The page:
The shaking sopped eventually and the advice was to return home if you lived nearby or go into the university building if that wasn’t possible. We walked back to Shin-Urayasu to a friend’s house and stayed there until we felt ready to head home fearful of the damage that might have occurred back on our 6th floor apartment.

Ed had been on the 7th floor of the shopping centre where the main branch of our school is located wen the earthquake struck and said he was thrown from side to side in the corridor while escaping, lights had fallen down and smashed and the teachers’ room was a huge mess with the floor not even visible as everything had fallen out of the bookcases and shelves and even the dividing wall had come loose.

When we returned home it was eerily dark but luckily the electricity was turned back on just as we were going into the building. Our apartment had escaped almost unscathed. In the kitchen there was a bit of a mess on the floor with a couple of smashed jars, a bag of rice which had fallen everywhere but a small mess in comparison which took no more than 20 minutes to clean up. Our apartment is built just on the border of “real” and reclaimed land and for this reason it had suffered so much less damage than the areas where the schools are. We were however without water.

Throughout the night there were more aftershocks, much smaller of course but still terrifying after the day we’d just had.

Watching the news on the internet we realised we were the lucky ones as we saw the devastation which had occurred in the north-east.

As the week went on we hoped for things to return to normal. We cleaned up the teachers’ room at school, which was in utter chaos, and got ready to start normal lessons again. People went back to work, we queued up for water at the water truck, joined in the panic buying of food, drink and batteries as power cuts were announced. We stopped worrying each time we felt the building shake and the risk of another large earthquake decreased as the days went by but the situation at the nuclear plants which had been damaged by the quake grew worse and worse.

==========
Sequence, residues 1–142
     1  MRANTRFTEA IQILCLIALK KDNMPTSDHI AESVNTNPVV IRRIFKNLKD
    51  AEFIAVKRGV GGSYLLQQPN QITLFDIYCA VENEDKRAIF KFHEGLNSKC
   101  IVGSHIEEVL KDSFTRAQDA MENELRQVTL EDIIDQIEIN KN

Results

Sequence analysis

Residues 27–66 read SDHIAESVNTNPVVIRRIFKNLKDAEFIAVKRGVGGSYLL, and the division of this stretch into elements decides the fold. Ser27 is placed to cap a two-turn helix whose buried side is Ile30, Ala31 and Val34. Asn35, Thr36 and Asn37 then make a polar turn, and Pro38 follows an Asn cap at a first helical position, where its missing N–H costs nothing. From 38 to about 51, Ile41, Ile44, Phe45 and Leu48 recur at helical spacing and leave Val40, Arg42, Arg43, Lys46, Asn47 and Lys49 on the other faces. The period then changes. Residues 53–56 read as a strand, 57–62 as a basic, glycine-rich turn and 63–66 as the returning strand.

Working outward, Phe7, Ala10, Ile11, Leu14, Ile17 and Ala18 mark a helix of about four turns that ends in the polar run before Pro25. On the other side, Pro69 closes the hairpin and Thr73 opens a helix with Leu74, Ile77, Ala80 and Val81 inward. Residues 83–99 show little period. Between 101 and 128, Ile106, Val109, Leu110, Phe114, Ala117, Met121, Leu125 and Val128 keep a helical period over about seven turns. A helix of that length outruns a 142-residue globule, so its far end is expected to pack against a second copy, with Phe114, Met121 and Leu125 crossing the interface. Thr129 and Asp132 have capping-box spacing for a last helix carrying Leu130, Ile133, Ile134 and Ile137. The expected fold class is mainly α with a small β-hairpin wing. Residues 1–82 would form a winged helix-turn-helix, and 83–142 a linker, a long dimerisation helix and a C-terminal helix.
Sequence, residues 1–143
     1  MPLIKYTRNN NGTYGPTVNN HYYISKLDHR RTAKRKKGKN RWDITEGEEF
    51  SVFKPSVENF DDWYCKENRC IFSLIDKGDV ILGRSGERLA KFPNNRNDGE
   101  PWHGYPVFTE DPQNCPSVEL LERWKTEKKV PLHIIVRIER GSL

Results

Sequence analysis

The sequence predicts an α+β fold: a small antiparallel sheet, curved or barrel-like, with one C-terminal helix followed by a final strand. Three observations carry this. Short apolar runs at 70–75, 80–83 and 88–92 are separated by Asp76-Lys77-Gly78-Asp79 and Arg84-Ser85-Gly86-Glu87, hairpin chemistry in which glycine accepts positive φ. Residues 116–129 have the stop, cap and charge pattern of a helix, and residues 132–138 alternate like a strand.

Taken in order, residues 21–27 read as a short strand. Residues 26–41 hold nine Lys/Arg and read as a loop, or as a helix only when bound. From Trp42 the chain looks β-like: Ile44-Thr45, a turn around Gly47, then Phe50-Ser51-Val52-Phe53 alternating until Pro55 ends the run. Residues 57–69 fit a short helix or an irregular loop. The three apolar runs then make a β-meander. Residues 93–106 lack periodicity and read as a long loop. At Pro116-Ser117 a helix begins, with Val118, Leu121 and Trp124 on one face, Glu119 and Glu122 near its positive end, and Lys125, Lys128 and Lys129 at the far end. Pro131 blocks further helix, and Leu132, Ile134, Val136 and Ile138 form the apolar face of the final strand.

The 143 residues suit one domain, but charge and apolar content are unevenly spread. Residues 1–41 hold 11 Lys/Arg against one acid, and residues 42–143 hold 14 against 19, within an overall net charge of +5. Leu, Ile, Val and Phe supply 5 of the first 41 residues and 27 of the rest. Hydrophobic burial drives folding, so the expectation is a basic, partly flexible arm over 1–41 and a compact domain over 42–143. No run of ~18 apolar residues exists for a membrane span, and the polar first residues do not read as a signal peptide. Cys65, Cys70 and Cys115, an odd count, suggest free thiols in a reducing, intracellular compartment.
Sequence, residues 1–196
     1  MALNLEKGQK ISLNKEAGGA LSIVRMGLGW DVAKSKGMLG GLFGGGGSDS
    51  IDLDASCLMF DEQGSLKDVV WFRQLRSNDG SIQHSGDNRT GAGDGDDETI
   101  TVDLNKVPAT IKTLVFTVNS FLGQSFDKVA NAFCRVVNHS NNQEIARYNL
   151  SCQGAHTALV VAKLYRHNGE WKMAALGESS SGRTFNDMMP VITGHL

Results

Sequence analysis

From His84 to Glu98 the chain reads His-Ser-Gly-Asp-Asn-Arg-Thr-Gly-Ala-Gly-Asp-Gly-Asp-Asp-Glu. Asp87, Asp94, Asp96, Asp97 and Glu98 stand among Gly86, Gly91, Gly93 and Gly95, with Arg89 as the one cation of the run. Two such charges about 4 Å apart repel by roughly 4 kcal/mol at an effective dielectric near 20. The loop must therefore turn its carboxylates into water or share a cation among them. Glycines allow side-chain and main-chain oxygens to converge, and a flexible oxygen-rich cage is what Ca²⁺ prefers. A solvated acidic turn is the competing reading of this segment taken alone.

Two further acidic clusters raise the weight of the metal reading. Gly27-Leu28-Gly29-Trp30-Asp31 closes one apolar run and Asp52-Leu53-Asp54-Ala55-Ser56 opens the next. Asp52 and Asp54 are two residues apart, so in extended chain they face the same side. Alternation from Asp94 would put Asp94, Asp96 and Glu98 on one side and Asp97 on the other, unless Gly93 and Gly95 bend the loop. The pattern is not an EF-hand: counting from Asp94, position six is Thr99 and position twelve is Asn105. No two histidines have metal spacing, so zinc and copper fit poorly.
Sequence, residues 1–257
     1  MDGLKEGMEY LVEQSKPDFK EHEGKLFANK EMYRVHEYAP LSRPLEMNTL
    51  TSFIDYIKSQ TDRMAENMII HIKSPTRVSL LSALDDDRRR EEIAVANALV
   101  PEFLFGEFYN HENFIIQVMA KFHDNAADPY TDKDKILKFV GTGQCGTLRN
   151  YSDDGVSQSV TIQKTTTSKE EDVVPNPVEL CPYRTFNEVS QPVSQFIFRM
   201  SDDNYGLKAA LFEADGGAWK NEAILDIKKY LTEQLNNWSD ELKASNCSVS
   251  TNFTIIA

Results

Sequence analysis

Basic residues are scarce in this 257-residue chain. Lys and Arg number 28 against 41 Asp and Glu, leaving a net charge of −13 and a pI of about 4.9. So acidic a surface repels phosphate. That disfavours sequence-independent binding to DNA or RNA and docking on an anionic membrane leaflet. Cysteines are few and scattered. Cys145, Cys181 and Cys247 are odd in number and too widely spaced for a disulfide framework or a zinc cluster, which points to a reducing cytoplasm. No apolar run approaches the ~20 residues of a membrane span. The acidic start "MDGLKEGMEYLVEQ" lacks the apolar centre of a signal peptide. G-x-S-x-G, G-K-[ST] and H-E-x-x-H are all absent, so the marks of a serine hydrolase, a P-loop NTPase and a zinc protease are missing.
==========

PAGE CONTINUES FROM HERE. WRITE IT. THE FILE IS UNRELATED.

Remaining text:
Today is Thursday. I’m writing this from a train on the way to Hiroshima, where we’re escaping to for the next 4 days. Many people are leaving Japan or doing what we’re doing and heading further south. When we left we still didn’t have water but otherwise things were starting to feel normal but our school decided to close until further notice due to the risk of radiation and the fears associated with it, as well as the lack of food, water, petrol and transport in the area.

It’s nice to know that I won’t be woken up by any aftershocks tonight and if it feels like the ground is moving, it is definitely my imagination (I often feel like we’re moving, or wake up in the night thinking I felt shaking but when I look around, nothing’s moving.)

At the moment I hope we can return to our home just outside Tokyo on Monday, but if no we’ll have to think about extending our stay in Hiroshima or leaving the country.